Banks Cite Moral Reasons for Refusing to Help Homeowners with Underwater Mortgages in Tennessee

Banks are increasingly playing the moral hazard card to avoid helping troubled homeowners, according to the New York Times.

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Despite being accused of some moral oversights of their own (robo-signing, anyone?) lenders are now claiming that, by taking steps such as reducing the principal on an underwater mortgage, they would be encouraging more borrowers to behave badly.

The concept of moral hazard first came into the national spotlight in 2008, when ordinary American consumers began to question why we should help bail out the banks that sent our economy into a tailspin in the first place.

Now those banks are using the same argument to avoid bailing us out of the problems they created.

Lenders say that helping homeowners who default will only encourage others - many of whom can actually afford to pay their mortgage - to default as well in order to take advantage of better terms.

Yet the data shows otherwise, say Tennessee bankruptcy lawyers. It turns out that 10 to 15 percent of homeowners who default could have actually continued paying their mortgage. That leaves up to 90 percent who had no other choice.

Banks aren't taking into account the consequences that homeowners would suffer by submitting to foreclosure or walking away from a mortgage.

In addition to losing a place to call home - and any equity in it - homeowners are also left with tarnished credit. Poor credit can make it difficult to find a rental, qualify for future loans, and even get hired for a job.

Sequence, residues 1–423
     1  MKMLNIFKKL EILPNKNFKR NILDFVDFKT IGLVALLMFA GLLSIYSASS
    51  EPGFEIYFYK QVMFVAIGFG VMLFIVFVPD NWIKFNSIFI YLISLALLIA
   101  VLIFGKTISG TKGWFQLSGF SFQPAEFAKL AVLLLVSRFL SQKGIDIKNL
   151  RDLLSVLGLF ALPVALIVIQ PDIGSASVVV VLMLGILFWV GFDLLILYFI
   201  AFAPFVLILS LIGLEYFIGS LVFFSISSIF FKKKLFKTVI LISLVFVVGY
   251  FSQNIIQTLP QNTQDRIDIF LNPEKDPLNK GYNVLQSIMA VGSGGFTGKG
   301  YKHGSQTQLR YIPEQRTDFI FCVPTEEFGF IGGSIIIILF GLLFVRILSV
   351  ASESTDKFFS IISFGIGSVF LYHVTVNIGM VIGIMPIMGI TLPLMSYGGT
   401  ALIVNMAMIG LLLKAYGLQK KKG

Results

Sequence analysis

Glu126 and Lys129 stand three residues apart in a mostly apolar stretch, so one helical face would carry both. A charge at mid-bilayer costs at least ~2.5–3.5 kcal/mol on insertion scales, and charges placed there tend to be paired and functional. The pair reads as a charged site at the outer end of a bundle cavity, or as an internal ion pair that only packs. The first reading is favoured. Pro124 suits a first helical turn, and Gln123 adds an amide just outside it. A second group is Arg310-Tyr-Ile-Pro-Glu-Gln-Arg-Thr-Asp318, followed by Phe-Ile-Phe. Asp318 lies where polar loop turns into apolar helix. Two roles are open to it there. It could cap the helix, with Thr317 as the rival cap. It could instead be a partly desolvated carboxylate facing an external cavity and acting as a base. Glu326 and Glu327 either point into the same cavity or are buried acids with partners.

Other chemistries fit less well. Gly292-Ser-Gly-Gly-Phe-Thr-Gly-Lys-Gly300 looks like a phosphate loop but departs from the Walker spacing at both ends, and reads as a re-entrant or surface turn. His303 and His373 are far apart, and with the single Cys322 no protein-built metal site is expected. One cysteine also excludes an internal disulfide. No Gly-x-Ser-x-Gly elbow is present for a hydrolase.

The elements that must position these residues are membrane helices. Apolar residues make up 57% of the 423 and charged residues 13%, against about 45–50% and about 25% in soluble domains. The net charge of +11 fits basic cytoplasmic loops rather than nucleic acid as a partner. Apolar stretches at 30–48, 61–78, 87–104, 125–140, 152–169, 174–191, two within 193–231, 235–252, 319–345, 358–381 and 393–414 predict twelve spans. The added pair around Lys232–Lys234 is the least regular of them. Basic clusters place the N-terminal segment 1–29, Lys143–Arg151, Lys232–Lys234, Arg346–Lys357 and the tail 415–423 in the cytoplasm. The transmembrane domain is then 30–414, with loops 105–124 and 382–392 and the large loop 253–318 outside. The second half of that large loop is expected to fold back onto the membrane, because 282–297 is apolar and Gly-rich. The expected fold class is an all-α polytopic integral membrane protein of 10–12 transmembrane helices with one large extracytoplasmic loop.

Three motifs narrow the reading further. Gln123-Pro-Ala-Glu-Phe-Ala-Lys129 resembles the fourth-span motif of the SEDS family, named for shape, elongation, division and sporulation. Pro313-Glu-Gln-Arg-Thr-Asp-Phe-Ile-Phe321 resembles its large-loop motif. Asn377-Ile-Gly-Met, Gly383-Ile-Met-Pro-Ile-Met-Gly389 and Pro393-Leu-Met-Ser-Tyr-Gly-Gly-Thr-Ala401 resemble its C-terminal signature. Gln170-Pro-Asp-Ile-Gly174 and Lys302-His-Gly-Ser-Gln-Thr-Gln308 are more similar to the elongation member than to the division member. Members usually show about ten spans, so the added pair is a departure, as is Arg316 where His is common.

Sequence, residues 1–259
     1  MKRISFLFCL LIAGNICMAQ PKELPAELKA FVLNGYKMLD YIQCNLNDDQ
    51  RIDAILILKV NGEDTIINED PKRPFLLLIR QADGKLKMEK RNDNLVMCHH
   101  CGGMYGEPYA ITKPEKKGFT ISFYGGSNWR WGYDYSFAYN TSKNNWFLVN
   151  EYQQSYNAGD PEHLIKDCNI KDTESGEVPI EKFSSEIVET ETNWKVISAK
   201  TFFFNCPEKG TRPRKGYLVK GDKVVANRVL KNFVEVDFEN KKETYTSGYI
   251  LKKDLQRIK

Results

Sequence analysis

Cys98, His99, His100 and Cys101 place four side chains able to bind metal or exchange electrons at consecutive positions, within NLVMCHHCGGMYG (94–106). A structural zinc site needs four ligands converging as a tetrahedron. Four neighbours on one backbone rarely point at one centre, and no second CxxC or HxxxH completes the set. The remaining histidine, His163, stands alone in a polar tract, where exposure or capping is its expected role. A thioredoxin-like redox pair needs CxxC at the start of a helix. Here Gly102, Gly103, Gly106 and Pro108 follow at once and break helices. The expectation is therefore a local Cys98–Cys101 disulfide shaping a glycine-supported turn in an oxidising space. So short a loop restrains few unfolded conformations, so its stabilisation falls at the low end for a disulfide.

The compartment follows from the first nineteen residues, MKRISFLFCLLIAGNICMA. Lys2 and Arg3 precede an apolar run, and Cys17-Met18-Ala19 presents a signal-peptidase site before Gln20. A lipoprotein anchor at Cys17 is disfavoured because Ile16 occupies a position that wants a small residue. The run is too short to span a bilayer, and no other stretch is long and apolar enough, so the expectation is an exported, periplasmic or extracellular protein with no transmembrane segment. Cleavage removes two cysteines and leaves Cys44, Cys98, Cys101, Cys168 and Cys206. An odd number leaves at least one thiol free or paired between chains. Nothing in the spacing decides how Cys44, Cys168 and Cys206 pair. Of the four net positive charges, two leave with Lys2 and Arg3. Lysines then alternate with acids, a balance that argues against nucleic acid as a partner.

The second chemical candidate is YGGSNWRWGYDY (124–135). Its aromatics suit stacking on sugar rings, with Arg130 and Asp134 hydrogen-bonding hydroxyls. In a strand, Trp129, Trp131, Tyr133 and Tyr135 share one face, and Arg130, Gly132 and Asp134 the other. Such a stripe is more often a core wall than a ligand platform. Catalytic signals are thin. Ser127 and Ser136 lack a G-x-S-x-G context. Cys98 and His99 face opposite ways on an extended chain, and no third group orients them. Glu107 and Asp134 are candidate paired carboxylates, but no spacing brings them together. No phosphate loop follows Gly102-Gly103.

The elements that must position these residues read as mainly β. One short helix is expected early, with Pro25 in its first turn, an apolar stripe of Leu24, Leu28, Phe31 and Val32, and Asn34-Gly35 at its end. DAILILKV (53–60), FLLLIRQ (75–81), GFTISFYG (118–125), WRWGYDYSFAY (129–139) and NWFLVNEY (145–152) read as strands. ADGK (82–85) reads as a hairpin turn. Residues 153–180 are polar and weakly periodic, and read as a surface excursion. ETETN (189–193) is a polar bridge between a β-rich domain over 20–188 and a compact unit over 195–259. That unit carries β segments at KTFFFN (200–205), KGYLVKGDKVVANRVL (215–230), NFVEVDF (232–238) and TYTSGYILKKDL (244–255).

Most homeowners in Tennessee and beyond default because they think they have no other option. In reality, they do have an option: bankruptcy.

Filing for Chapter 13 bankruptcy in Tennessee is the only surefire way to stop foreclosure and give yourself a chance to catch up, whether you've missed your first payment or are already on the path to eviction.

Banks may not give you the time of day, but Tennessee bankruptcy law was created to protect the consumer. And there's never been a time when consumers needed more protection than today.

By allowing consumers to eliminate unsecured debts like credit card debt, more money is freed up for making house payments and other important bills.

Bankruptcy allows consumers to do the right thing - i.e., making good on their mortgage - while also relieving the burden of debt. Best of all, you don't need to go through your bank to make it happen.

To learn if bankruptcy is right for your situation, call the DebtStoppers Bankruptcy Law Firm at 800-440-7235 today to speak with a Tennessee bankruptcy attorney. Call 800-440-7235.

More Blog Entries:

Tennessee Bankruptcy Can Assist Mortgage Holders Not Helped By Bank Settlement: February 27, 2012

Real Estate Data Shows Tennessee Foreclosures on the Rise in Nashville, Memphis Areas: January 23, 2012

Additional Resources:

Moral Hazard: A Tempest Tossed Idea, by Shaila Dewan, The New York Times

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